No syndication at this summer’s TCA tour

Jun 3, 2002  •  Post A Comment

Some blame Dr. Laura. Some blame the studios or the economy. Some blame the TCA and critics. Some just don’t care.
For the first time in over a decade, there will be no formal syndication presence at this summer’s Television Critics Association tour, a break in the long tradition of presenting upcoming syndicated series to critics around the country. Unlike last year, there was no movement to revive the event, long known as Synditel, and some syndicators have been left scratching their heads in bewilderment, wondering what happened.
Two years ago the first clear blow came when critics were in an uproar over the last-minute cancellation of the appearance of the controversial Dr. Laura Schlessinger at the event. After other personalities also failed to show up or were late, Synditel was put on notice that it would have to re-evaluate its priorities if the event was to return. Last year, with only a half day to present and fewer studios participating due to the economy, critics bellowed that the afternoon program was no longer newsworthy.
Former TCA President Eric Kohanik soon announced the decision to eliminate Synditel, leaving syndicators with the only option to borrow time from their network associates.
Some critics of Synditel said that it was the syndicators who brought the end of the presentations, haggling over the $7,000 fee and then presenting their show without airing the pilot, leaving critics nothing newsworthy to write about.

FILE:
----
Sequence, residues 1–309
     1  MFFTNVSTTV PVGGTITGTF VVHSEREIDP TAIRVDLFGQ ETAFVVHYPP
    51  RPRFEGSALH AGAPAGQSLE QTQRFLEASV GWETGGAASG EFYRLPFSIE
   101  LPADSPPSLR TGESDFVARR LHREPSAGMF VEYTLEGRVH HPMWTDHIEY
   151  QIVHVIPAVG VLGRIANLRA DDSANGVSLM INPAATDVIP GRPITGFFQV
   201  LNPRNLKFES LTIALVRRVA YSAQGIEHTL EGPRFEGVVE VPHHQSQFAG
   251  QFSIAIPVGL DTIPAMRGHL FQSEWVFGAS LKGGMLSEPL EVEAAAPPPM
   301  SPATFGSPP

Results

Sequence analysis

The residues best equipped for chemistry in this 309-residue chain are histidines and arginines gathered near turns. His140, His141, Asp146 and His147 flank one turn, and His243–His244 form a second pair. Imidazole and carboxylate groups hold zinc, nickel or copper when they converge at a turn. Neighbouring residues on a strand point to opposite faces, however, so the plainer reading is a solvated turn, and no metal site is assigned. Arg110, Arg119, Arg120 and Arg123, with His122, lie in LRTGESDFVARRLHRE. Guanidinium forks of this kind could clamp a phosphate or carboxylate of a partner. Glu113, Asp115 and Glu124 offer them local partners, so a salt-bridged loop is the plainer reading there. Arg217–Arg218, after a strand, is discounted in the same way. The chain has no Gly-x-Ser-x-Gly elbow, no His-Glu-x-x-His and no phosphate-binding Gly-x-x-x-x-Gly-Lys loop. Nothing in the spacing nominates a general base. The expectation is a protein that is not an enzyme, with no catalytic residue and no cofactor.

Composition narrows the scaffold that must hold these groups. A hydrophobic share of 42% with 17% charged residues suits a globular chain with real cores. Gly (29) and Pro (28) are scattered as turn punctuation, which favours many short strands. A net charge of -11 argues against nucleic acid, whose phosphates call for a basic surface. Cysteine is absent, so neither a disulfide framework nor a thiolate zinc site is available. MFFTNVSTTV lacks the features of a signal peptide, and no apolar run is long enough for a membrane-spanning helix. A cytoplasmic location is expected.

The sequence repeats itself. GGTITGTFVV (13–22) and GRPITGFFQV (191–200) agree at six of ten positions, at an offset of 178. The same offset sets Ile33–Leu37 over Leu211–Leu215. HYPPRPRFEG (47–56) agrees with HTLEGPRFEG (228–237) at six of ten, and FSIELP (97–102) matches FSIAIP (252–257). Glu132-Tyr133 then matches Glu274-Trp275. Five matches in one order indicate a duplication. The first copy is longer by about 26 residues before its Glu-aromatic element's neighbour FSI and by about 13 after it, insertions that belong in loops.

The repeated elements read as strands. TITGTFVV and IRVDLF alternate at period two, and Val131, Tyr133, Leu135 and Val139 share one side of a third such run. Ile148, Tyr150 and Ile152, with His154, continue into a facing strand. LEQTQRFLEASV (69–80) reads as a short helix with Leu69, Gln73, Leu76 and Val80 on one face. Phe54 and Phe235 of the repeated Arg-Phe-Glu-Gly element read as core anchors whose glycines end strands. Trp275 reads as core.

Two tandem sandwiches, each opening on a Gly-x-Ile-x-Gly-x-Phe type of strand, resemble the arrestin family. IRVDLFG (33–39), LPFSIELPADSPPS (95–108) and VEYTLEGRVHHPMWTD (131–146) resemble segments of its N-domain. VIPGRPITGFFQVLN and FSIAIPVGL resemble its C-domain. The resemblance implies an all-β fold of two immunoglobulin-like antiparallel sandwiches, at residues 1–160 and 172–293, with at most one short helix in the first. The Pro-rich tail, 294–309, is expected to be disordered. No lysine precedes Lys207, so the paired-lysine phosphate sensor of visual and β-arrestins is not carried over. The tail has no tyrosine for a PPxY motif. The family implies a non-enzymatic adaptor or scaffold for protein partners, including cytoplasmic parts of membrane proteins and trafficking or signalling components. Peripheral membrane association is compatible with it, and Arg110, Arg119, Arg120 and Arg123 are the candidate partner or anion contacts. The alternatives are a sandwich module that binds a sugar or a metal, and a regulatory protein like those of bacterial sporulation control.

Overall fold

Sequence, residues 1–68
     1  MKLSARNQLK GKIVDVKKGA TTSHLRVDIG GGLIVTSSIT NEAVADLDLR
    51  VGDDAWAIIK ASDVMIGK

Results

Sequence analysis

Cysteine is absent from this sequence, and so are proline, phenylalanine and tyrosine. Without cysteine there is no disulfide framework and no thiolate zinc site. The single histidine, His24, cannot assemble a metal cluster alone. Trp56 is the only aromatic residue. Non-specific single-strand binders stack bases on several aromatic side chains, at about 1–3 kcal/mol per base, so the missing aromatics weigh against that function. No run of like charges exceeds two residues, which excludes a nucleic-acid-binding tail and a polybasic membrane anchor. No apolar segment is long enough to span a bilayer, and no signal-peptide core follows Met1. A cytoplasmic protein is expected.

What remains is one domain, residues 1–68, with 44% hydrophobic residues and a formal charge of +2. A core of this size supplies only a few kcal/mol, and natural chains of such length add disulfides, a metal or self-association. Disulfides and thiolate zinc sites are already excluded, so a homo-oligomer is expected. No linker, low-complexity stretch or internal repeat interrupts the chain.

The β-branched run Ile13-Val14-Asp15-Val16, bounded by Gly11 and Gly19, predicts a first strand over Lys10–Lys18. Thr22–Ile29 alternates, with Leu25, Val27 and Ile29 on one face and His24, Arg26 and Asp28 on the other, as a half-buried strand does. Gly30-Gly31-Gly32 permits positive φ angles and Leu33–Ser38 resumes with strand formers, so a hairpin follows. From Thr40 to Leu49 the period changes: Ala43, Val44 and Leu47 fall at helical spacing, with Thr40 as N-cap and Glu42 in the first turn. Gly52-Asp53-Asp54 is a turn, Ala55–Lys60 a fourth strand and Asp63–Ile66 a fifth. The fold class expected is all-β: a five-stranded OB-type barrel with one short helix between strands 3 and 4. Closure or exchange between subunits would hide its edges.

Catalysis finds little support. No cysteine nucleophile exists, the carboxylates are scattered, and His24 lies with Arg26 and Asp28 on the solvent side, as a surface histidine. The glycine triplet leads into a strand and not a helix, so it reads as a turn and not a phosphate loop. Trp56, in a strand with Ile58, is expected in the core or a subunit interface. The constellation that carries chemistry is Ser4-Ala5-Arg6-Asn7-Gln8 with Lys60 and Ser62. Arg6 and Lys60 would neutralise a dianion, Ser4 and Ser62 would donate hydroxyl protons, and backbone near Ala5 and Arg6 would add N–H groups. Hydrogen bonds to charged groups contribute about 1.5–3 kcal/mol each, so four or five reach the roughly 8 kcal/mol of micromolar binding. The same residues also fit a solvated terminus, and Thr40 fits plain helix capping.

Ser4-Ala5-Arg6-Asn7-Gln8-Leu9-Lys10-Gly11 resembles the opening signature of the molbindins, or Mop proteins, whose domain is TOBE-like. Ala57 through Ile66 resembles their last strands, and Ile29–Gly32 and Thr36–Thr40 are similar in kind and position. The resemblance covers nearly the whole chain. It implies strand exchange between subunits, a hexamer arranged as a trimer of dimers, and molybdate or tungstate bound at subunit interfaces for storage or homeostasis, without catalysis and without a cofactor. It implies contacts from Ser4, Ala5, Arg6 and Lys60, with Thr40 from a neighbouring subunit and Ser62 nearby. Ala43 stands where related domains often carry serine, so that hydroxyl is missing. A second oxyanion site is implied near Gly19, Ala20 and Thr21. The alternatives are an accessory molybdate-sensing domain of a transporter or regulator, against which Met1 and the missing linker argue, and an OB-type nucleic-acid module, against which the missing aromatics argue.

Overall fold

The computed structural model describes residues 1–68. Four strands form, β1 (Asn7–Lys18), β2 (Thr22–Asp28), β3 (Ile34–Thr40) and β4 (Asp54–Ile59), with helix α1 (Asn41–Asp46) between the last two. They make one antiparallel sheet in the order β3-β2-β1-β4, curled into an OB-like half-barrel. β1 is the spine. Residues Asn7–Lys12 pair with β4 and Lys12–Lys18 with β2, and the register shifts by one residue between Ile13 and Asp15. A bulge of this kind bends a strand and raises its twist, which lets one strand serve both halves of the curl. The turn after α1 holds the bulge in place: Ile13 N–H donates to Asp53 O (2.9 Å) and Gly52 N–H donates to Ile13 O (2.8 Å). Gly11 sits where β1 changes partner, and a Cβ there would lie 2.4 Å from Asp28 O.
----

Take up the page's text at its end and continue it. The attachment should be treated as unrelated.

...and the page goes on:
So far, the only confirmed syndication presence will come from NBC, where NBC Enterprises will host an informal session for the upcoming “John Walsh” talk show. Two other studios are considering hosting a cocktail or a breakfast but said the final decision will be slow coming.
“We are making a concerted effort to talk to producers of interesting syndicated shows on an individual basis … because we believe that the greater variety of content to werite about, the more effective the tour,” said Kay McFadden, VP of TCA.
The light at the end of the tunnel for Synditel could come next year, because series associated with such personalities as Ellen DeGeneres, Will Smith and Sarah Ferguson are in development and could be on the table for fall 2003. Should syndicators and the TCA opt for another stab at the critics, former Synditel organizer Jeff Pryor said he’ll be waiting.
“Our firm has always been committed to serving the syndicators and the press with a successful event if anyone is interested in revitalizing it,” Mr. Pryor said. “We believe there was value to it before and will continue to be valuable in the future.”